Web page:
science of learning: research meets practice
School: Sky View Middle School, Leominster, MA
Teachers: Dr. Kim Kelly, Shannon Payette
Researcher: Dr. Megan Sumeracki
Interleaving, or “mixing it up,” is a way to increase learning potential. By changing up problem types often, it helps students choose not just what to do to solve a problem, but how to choose a strategy and when.
For example, instead of studying 10 multiplication problems, then 10 division problems, and then 10 addition problems, mixing those problems up helps students find and see similarities and differences between the different types of problems. It also helps to review older concepts and hone the skills needed to choose correct strategies for solving problems.
“What interleaving does is force the students to figure out not just how but also when” to use a specific problem-solving strategy, explains Megan Sumeracki, learning scientist. Sky View teacher, Kim Kelly adds that “they can’t get to the solution if they can’t get to the start,” pointing out that often fundamentals need a lot of support.
Part of the skill of solving math problems involves applying the right procedure to the right problem. Interleaving develops that skill. Problems can look very similar, yet require different kinds of approaches. Interleaving often results in worse performance during the practice sessions, but far higher performance on subsequent tests.
Interleaving works because it involves the right kind of practice. Blocked practice means the student never has to think about which strategy or procedure to apply; interleaved practice helps students associate the right strategy with the right problem (among other things).
To clarify, though, research doesn’t support an idea like “never do blocked practice”. Blocked practice is necessary for students beginning to understand a concept. Experts recommend aiming for interleaved practice at least a third of the time.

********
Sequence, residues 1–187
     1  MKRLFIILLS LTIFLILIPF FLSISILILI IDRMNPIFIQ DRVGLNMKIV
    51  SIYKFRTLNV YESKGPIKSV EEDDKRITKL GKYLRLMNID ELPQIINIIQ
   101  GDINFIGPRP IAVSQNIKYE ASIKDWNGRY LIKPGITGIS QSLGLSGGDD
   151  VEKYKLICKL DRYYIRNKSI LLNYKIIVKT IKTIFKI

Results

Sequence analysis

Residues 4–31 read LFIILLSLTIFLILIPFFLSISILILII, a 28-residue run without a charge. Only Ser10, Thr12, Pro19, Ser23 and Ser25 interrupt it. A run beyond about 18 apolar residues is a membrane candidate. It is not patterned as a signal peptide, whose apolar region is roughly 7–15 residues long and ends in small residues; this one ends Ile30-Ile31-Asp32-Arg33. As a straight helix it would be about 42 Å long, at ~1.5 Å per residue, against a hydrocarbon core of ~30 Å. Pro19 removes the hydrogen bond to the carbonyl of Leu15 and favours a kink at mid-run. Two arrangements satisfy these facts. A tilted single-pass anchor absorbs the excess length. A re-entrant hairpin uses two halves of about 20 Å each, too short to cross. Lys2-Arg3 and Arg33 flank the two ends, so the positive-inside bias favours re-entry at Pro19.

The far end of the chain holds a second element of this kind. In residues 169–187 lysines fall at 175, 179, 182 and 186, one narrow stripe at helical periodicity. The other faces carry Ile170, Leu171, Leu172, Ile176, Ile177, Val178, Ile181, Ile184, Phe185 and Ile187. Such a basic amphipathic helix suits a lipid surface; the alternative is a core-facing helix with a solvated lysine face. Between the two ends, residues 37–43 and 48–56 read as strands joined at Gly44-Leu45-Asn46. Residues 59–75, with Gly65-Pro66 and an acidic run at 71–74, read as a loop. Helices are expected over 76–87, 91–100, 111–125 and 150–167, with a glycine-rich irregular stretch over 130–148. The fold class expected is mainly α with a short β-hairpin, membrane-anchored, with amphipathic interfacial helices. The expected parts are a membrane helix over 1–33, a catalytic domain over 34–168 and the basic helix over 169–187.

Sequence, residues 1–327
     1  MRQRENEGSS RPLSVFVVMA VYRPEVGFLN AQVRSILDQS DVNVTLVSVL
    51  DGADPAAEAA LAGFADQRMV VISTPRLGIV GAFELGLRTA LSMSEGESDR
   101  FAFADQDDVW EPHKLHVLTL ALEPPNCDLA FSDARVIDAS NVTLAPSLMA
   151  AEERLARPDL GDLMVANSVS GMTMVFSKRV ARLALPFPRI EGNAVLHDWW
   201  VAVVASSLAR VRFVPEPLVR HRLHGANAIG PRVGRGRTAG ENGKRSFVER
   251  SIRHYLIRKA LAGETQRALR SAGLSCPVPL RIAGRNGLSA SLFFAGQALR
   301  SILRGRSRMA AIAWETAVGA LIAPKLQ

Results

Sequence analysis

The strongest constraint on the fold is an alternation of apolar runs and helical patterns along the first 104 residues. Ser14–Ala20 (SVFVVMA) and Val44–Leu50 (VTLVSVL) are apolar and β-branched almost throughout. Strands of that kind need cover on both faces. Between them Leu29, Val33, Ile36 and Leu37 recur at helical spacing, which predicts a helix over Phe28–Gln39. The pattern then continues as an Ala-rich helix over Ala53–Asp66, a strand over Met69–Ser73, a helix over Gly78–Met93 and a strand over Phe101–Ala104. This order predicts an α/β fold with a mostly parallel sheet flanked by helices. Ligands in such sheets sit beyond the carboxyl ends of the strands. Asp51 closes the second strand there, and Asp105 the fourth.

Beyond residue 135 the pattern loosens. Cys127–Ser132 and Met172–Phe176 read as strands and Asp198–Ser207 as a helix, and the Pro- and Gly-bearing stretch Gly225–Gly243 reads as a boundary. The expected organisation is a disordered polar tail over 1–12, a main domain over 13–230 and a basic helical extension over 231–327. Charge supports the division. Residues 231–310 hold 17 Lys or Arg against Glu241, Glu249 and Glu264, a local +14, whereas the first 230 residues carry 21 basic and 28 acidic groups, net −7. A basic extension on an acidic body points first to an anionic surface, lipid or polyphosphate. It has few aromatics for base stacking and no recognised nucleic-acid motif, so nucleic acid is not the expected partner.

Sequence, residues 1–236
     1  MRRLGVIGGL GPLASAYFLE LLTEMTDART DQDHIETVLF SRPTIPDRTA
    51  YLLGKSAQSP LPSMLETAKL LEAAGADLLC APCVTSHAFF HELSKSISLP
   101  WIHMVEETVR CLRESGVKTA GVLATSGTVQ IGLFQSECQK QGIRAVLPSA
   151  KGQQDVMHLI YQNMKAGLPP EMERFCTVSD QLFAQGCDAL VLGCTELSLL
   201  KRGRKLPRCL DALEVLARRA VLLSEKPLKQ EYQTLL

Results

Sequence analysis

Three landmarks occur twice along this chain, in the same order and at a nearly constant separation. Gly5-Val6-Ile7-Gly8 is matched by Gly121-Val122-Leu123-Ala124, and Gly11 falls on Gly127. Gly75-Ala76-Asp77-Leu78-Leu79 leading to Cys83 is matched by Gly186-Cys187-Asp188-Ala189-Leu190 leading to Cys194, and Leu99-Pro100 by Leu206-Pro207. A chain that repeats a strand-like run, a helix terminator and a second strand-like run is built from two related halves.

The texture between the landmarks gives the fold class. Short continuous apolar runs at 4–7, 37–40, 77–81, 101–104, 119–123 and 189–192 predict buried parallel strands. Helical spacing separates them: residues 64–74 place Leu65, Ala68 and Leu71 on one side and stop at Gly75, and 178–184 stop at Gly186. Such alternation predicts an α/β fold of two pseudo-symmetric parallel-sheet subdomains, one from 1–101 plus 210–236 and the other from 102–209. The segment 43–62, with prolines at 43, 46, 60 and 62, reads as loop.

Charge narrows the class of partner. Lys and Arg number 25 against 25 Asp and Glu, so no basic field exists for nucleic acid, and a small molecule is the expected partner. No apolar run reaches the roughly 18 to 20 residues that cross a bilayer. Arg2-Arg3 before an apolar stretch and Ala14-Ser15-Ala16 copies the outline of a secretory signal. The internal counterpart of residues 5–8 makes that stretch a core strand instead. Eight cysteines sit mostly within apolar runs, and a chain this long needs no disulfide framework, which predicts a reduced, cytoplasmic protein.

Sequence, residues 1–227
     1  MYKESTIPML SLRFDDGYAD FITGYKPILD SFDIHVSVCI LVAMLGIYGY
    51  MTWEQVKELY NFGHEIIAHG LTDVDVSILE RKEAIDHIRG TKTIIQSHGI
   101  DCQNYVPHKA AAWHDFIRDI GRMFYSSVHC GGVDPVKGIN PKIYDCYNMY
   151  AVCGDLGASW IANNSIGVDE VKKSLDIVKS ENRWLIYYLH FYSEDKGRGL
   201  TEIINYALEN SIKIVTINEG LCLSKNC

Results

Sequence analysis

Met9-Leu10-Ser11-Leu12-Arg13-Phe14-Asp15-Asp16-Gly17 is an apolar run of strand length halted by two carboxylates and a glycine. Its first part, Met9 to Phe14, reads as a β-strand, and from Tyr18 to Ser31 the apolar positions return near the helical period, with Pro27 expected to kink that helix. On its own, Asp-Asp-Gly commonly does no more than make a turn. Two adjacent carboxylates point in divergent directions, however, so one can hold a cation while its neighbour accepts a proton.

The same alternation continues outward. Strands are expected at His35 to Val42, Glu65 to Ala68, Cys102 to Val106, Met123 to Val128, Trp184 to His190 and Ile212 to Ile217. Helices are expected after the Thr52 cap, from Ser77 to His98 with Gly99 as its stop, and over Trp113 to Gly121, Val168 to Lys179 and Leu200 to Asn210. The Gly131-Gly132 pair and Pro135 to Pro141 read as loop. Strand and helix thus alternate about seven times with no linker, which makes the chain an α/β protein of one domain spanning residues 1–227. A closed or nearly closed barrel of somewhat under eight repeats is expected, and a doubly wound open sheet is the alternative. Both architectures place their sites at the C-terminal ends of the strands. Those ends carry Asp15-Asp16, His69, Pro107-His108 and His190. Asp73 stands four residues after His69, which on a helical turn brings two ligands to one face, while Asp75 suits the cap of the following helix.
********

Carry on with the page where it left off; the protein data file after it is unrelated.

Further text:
Both Kim and Shannon realized that interleaving their homework assignments and tests would require some extra time. Since most textbooks and worksheets featured blocked practice, they had to modify them. But, they both noticed the difference in their students’ problem-solving abilities.
After creating an interleaved worksheet, Kelly noticed that “students (were) stopping and thinking...their brain had to shift from this topic back to some old material.” Shannon saw improvements when she administered a standardized practice test. “I have a kid who has struggled. (He) did not meet expectations for math at all on his last year (state) test. He got 6 out of 6!”
Instead of always giving students problems involving the most recent concept students have learned, try incorporating a mixture of problem types into student homework, exams, and review sessions. This is particularly helpful for problems that look similar, but require different strategies, or for problems that look quite different, but can be solved with the same strategy.